Musings from Chennai
May – June 2011
by Vaishnavi Ramanathan
Focus Gallery presented Every Day Life, a solo show by Laxma Goud. The works in the exhibition consisted of etchings, pencil on paper works, sculptures as well as reverse painting on acrylic. But in the hands of the artist each of these mediums acquired a certain fullness that was also mirrored in the lush environments that these mediums created within the picture space. The abundance manifested in Laxma Goud's works was evident not just in terms of the fertile nature of the environment but also in the people who inhabit it. Earthy men and women meet each other, with the fertile nature of the environment in which they meet and the presence of a virile goat accompanying the couple creating a mood of sensuality and intimacy, thereby implying the creation of many other beings. Also in a more literal sense, many of his works present groups of people. However interestingly, even here, the artist maintains the intimacy of the encounter, by making one or at the most two figures make eye contact with the viewer. Therefore in the confined spaces of a crowd, Laxma Goud creates a different dimension of space; a complementary feature that is evident in many other areas of his works, such as in the way the bodily contours are revealed despite being clothed and in the way the artist seemingly reverts to monotone as if to atone for the use of vibrant colours in other areas. Furthermore, some areas in his works, such as the clothes, consist of fine decorative motifs defined by thin precise lines while on the other hand, the background consists of small, undefined patches of colour that are almost abstraction. Thus one could perhaps theorize Laxma Goud's works in a broader light by seeing them not just in terms of an encounter between the opposite sexes or between the people within and without the picture space but ultimately as an encounter between two different artistic languages and attitudes- abstraction and design.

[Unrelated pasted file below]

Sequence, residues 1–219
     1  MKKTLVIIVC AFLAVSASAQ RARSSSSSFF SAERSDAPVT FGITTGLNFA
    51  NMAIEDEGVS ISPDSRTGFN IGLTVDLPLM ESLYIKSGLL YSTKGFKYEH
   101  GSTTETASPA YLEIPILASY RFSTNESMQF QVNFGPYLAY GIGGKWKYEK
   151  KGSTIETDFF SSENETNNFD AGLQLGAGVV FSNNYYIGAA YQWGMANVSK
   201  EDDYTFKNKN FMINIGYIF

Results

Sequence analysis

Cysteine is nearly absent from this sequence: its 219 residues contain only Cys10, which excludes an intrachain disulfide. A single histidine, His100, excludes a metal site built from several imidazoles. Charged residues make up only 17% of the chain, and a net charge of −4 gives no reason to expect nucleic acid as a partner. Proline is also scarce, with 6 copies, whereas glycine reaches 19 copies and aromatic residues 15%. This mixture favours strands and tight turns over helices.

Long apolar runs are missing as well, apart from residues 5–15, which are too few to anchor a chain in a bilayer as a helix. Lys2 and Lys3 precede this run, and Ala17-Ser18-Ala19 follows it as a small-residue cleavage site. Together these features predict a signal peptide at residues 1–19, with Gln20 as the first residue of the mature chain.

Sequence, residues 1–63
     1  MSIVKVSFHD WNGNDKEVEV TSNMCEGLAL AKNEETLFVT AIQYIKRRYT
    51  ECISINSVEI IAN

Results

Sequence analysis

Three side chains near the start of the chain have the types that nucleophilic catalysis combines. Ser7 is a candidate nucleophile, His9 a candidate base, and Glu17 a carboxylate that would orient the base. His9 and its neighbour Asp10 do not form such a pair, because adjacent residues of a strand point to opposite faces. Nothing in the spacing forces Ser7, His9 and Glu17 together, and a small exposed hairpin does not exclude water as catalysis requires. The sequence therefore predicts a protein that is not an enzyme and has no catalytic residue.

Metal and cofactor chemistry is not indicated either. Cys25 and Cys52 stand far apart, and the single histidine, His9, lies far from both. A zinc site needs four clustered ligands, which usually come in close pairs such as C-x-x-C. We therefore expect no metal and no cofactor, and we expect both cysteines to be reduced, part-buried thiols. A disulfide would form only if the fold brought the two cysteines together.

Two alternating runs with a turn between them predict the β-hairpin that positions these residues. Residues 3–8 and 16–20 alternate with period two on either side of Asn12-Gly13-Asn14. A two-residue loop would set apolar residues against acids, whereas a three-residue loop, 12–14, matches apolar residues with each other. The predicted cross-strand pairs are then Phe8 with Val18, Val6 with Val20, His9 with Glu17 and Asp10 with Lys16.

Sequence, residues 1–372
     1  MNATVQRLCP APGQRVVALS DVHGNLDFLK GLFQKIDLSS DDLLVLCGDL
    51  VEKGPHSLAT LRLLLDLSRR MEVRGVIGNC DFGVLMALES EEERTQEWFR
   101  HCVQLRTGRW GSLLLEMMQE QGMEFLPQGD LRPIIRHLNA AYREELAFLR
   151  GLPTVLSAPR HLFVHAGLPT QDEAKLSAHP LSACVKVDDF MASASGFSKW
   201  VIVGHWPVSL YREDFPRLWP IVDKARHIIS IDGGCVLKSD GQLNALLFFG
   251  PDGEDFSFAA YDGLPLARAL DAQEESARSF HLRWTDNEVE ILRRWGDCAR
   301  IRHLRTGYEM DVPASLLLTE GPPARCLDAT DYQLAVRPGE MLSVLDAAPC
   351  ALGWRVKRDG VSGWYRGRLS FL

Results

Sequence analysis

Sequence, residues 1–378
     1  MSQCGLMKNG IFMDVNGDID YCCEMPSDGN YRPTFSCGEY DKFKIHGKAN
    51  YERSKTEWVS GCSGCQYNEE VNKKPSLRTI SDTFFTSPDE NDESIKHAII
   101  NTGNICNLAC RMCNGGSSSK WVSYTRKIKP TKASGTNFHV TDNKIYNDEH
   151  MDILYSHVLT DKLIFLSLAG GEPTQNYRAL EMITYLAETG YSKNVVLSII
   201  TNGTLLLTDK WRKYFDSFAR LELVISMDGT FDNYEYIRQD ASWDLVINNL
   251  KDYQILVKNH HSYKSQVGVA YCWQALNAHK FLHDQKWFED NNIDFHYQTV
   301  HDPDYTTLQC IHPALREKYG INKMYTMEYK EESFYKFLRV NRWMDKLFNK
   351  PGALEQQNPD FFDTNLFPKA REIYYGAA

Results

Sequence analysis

Dakshina Chitra's art gallery presented E. Gopinath's exhibition of ceramics. The dominant feature of his works was the way they referred to materials other than those that were used to make them. E. Gopinath's ceramics predominantly consisted of human form with bodies shaped in pliant sheet like forms. The textured body of the figures evoked the feel of rough cloth while the fragility of the ceramic medium echoed the changeable nature of a form fashioned out of cloth where one form gives way to another. Just as his free standing sculptures enfolded the surrounding pace, the heads that he created had cut out areas thereby playing with the idea of space and the analogy of internalising ideas from the surrounding environment.
Other shows that took place in Chennai over the last month included a solo show of A.P. Paneerselvam's works at Art World which featured mostly abstract works done by the artist using broad strokes of colour. Art and Soul gallery presented an exhibition of works by K.G. Narendra Babu, Bhavani Shankar, Hariram Bhagwan Shankar Chavan, S Bhavani Shankar, Ravi Dhanapal, V Hariraam, N Karoonamoorthy and K Balasubramanian.